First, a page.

Soros hurts China’s feelings

Published: Tuesday 26th January 2016 14:00 HKT

Updated: Wednesday  27th January 2016 19:30

Maybe it’s the run up to Chinese New Year, when everyone’s fraught from scrambling for cash to keep up appearances at the family reunion, but according to the Chinese government, the Chinese people are a bit fragile at the moment.

We’ve all been there. It starts with a few innocent jibes, “Your mama ate too many dumplings”, “Your mama’s from Dongguan” etc., until it escalates to accusations of “short selling, and colluding with foreign forces”.

The Chinese government seems particularly upset with comments by George Soros at the 2016 Davos World Economic Forum, in which he said China “can’t avoid a hard landing”. 

Criticising human rights is one thing, but hey, don’t question the economy.

Cue a slew of articles warning speculators shorting China, some taking aim at Soros. This Xinhua commentary on January 23rd warns “reckless speculations and vicious shorting will face higher trading costs and possibly severe legal consequences.”

Yesterday another Xinhua headline reads “Soros will pay a painful price for shorting China”.

Then in today’s People’s Daily Overseas Edition, widely circulated in Chinese media, “Declaring war on China’s currency? Ha ha”.

Here’s the opening salvo from the party mouthpiece:

“Over the last two years, George Soros, known as the “financial crocodile”, has attracted most attention at the Davos World Economic Forum. At last year’s Davos he announced his “retirement for good”, no longer investing in financial markets, instead focusing on “political charity”. Yet at the same forum this year, he openly “declares war” on China, claiming that he’s already shorted Asian currencies. Given his influence, this increases volatility in already unstable financial markets.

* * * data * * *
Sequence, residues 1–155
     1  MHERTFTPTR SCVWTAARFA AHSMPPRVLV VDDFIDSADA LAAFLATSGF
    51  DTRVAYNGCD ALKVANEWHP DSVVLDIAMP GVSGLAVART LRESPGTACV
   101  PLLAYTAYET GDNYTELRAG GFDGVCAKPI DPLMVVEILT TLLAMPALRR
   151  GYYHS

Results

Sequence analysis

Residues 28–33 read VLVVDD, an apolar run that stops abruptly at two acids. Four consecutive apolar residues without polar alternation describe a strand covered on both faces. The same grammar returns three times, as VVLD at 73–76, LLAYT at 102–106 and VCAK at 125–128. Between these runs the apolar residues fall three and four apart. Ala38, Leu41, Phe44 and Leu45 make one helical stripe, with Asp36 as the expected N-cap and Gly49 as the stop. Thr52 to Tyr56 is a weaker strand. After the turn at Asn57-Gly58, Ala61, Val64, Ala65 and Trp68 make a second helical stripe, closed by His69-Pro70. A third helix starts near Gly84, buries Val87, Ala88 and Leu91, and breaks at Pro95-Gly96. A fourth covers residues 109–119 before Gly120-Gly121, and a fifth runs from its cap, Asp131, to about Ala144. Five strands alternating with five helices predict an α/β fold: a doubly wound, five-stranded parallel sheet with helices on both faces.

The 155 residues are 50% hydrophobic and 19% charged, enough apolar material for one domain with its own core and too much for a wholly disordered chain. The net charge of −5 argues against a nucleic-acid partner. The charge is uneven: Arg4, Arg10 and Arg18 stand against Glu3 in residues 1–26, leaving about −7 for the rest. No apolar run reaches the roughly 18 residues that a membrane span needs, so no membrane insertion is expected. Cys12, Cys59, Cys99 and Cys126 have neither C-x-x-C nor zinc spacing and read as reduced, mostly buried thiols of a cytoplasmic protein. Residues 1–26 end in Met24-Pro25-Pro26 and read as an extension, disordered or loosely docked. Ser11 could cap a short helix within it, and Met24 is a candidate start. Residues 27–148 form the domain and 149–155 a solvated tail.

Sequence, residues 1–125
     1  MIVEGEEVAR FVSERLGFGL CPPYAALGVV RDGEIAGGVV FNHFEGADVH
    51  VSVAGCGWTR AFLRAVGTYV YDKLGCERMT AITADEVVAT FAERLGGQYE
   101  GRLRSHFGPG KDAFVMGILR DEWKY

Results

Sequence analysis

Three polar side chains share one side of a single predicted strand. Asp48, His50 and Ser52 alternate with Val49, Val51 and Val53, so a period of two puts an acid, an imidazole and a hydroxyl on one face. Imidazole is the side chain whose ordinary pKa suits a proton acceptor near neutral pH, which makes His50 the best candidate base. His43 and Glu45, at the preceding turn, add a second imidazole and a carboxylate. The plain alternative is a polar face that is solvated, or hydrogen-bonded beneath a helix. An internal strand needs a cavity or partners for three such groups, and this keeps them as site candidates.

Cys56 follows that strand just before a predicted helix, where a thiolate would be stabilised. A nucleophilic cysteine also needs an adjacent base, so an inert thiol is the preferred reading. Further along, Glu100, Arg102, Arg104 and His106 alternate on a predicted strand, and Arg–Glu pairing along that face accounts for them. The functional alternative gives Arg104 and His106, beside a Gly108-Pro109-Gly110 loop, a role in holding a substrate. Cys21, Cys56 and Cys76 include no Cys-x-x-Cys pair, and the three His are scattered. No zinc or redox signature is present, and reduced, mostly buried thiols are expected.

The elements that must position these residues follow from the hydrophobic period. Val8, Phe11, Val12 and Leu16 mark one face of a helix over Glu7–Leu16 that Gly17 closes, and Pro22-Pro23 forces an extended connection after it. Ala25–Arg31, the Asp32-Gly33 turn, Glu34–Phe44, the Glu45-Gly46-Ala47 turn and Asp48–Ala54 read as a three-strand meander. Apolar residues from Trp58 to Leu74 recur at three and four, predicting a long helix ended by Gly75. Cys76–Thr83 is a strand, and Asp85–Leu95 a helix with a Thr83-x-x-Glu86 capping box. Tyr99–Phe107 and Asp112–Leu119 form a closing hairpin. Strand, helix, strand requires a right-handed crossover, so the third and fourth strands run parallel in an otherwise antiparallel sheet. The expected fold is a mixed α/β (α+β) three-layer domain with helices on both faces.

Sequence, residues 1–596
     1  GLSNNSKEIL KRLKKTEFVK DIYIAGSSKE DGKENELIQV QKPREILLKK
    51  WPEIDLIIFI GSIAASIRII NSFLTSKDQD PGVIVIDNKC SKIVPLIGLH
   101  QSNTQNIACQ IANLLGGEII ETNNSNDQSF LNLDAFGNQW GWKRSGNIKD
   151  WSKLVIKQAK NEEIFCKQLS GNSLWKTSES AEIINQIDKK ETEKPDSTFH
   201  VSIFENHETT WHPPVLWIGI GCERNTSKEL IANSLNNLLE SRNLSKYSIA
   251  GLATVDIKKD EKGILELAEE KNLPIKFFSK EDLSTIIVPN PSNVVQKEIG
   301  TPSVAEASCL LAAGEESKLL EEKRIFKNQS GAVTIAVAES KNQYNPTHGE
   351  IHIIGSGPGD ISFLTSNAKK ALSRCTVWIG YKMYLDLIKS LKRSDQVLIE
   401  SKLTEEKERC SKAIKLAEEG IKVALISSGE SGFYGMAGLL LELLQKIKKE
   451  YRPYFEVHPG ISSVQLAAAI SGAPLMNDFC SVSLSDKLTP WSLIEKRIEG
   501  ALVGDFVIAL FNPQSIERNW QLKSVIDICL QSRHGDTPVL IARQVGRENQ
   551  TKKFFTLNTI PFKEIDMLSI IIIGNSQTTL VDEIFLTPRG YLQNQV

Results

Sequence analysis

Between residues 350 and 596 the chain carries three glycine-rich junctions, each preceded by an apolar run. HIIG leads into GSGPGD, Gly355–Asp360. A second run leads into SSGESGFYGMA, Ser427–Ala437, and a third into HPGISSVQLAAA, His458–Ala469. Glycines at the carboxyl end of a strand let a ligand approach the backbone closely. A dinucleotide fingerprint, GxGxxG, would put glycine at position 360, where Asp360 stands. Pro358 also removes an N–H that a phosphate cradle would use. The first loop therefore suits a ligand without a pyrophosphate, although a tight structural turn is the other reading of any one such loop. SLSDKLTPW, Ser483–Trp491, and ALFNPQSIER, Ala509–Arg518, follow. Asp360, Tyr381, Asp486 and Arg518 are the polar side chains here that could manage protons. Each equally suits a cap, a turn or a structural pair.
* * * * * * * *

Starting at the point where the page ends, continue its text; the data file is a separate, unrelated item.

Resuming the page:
But, Soros will fail in his war on the RMB and HKD, of this there can be no doubt.”

The commentary then seeks to place China’s situation in a global context. After all, 6.9% GDP growth for the world’s second largest economy is still a strong performance.

“Despite China’s economic growth slowing last year, stockmarket volatility, and renminbi depreciation against the dollar, China still compares favourably with other large economies. Last year, China’s economy grew twice as fast as the United States. Although Chinese exports fell 1.8% last year, global trade over the same period fell 10%.”

Like previous articles, the author draws parallels with the Asian currency crisis in the 1990s, except saying this time it’s different. This time China has “forged deep financial links in East Asia”, as well as the “one belt one road” initiative.

Maybe it’s just too troublesome to abduct an 85 year old billionaire and force a confession on state television, so instead it’s trial by media. Even down to the choice of pictures…

Ouch. Perhaps the overreaction indicates this is a case of the truth hurts, and the economy IS on shaky ground.


Listed in FT Alphavilles’s further reading section:

& in FT Alphavilles post “The Plaza Accord, then and *cough* now?”:

Translation used 8 hours later in this Zerohedge post:

In The Sinocism China Newsletter 01.26.16:

Covered later by the FT:

Day after Xinhua publishes full translation:



  1. ‘China “can’t avoid a hard landing”. ‘

    The Economist has made precisely this prediction 56 times since 1981. It was always wrong. Every time.

    Perhaps the Chinese are tired of seeing their economy being talked down to by people with an axe to grind and a secret profit to make?

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